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Title: Radiation doses and associated risks from x-ray guided cardiac catheterization procedures in children and young adults
Authors: Harbron, Richard William
Issue Date: 2016
Publisher: Newcastle University
Abstract: Cardiac catheterizations are an essential procedure in the management of patients with congenital and acquired heart conditions. However, associated radiation doses are often high, raising concerns over potentially increased cancer risks. Neither the radiation doses, nor the associated risks, have been adequately investigated in young people undergoing these procedures. A cohort was established of around 13,500 patients aged under 22 years who have undergone cardiac catheterizations in England. Organ doses were estimated based on a dosimetry system utilising data from Monte Carlo simulations. Doses were highest for the lungs (median: 17.6 millisieverts, mSv) and heart (13.6 mSv), while doses to bone marrow (2.6 mSv) and the thyroid (0.7 mSv) were relatively low. Radiation doses have fallen by a factor of up to ten during the study period. The results were compared to equivalent figures derived from physical measurements. Uncertainties in dose estimates were calculated. These were around ±30%, though were potentially much higher for breast dose. The risk of cancer in relation to estimated doses was calculated using BEIR VII risk models. For examinations conducted using modern equipment, these risks are around 1 in 1700. A small epidemiological analysis was performed, suggesting a nearly threefold increased risk of cancer in the cohort, compared to the general UK population. There are a number of reasons to suggest that this increase was primarily not related to radiation exposure, most notably the large impact of transplantation and likely associated immunosuppressant use. Despite the high cancer incidence, the overall survival in the cohort was high, at around 91% after 30 years. Conclusion: The study provides the first large scale estimation of organ doses from cardiac catheterizations among this age group. Rates of cancer among this patient group are high, although this is appears to be mostly due to factors other than radiation exposure.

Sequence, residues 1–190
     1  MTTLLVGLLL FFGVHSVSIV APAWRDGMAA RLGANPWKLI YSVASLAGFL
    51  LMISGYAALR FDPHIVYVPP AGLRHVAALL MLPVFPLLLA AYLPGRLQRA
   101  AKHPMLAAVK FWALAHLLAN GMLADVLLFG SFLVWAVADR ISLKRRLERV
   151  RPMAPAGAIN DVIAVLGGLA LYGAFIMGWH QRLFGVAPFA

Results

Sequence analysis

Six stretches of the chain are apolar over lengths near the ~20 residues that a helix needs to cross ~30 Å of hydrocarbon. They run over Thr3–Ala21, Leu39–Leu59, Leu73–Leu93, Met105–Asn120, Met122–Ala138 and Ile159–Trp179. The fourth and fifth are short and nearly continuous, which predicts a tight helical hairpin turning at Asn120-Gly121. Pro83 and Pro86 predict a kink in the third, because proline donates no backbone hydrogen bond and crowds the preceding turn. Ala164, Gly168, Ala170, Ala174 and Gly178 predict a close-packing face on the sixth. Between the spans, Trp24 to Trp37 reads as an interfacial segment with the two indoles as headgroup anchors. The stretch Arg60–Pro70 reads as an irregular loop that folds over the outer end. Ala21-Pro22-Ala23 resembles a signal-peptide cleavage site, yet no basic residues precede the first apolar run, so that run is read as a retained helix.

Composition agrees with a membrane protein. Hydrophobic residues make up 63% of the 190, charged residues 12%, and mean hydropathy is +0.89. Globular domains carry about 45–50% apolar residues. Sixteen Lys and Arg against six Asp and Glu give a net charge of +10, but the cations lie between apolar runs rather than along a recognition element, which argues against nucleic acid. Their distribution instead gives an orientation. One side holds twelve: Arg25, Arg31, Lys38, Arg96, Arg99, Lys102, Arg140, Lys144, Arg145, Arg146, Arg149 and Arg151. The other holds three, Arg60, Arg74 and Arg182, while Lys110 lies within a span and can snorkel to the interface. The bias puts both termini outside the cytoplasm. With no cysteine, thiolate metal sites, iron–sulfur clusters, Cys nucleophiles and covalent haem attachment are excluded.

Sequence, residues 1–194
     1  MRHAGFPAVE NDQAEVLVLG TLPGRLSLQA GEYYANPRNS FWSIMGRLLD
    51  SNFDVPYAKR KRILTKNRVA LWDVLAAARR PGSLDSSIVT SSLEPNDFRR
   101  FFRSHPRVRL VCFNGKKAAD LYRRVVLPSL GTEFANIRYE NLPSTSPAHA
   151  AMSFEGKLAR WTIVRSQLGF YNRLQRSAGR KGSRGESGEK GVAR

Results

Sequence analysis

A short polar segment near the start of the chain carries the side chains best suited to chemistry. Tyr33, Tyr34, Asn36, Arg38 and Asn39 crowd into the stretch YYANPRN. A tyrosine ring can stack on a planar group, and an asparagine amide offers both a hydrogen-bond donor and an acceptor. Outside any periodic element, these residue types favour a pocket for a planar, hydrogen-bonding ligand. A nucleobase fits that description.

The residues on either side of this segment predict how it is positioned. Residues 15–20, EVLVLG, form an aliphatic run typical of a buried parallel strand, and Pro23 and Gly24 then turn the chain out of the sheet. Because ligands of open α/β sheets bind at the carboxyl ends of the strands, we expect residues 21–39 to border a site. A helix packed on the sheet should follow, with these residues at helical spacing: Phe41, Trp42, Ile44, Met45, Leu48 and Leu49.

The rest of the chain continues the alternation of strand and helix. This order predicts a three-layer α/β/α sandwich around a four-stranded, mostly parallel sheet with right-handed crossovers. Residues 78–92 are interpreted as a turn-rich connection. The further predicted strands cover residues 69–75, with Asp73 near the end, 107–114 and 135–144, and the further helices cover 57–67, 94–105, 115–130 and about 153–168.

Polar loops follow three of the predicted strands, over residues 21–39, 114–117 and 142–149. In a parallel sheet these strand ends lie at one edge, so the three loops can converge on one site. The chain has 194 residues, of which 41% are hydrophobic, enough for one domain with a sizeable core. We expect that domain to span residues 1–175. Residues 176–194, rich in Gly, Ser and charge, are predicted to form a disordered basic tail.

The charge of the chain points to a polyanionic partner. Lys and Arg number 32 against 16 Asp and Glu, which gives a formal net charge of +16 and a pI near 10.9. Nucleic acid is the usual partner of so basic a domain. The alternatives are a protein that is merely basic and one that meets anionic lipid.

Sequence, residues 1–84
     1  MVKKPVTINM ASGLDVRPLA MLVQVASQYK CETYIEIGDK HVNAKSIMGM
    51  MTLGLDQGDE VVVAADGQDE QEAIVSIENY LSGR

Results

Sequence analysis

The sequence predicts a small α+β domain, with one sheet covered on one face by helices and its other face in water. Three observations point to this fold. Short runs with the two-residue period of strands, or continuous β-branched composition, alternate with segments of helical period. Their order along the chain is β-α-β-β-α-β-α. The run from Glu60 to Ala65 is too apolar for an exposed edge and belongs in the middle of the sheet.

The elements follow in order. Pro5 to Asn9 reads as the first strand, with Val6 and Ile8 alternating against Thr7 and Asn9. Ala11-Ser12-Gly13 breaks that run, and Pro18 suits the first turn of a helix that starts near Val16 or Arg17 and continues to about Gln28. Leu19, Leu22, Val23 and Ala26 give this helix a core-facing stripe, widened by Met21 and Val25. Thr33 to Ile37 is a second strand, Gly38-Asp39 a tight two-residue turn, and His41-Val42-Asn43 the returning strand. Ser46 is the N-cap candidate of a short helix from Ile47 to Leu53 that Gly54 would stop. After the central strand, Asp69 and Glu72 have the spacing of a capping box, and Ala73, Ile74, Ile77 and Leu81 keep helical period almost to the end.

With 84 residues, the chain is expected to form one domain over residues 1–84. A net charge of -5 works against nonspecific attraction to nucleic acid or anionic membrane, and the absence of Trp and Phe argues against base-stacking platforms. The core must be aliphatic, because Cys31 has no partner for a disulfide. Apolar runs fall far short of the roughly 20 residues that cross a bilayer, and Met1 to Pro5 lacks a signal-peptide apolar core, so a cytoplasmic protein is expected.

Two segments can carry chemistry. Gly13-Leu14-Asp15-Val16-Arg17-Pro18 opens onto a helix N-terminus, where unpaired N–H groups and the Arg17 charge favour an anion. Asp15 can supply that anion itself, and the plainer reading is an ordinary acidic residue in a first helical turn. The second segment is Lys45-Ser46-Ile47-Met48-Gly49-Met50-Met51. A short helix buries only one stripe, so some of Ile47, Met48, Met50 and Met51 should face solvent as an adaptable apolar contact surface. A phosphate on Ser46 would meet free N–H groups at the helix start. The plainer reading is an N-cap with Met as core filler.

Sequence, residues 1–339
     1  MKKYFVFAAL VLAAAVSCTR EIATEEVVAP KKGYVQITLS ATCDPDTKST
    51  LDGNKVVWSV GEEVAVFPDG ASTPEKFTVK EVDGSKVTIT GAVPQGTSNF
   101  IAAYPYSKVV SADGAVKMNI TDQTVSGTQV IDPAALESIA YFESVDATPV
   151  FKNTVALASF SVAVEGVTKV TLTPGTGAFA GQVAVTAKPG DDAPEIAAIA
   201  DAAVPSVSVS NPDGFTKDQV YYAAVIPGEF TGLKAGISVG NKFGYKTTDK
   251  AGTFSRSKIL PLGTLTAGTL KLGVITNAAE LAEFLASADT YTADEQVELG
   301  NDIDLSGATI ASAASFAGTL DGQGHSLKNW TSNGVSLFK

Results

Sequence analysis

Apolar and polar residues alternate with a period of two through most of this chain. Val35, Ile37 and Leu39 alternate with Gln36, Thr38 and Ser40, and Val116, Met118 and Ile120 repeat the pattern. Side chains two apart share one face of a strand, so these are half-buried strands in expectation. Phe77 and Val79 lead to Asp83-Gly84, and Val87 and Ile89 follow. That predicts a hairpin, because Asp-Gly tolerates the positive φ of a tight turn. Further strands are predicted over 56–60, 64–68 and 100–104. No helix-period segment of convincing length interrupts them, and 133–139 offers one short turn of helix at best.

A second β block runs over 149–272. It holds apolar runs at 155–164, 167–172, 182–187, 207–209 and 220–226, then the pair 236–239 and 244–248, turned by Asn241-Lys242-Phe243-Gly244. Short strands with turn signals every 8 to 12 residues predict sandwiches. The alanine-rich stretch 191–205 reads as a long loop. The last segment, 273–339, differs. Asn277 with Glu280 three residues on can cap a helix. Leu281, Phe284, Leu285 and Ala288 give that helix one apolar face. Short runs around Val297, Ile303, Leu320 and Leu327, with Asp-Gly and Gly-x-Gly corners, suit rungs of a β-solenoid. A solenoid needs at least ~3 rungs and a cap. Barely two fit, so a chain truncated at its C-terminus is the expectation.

Description: PhD Thesis
Appears in Collections:Institute of Health and Society

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Harbron, R 2016 (also file with appendices on).pdfThesis5.72 MBAdobe PDFView/Open
Harbron, R. Appendices 2,3,4 and 5.pdfThesis4.33 MBAdobe PDFView/Open
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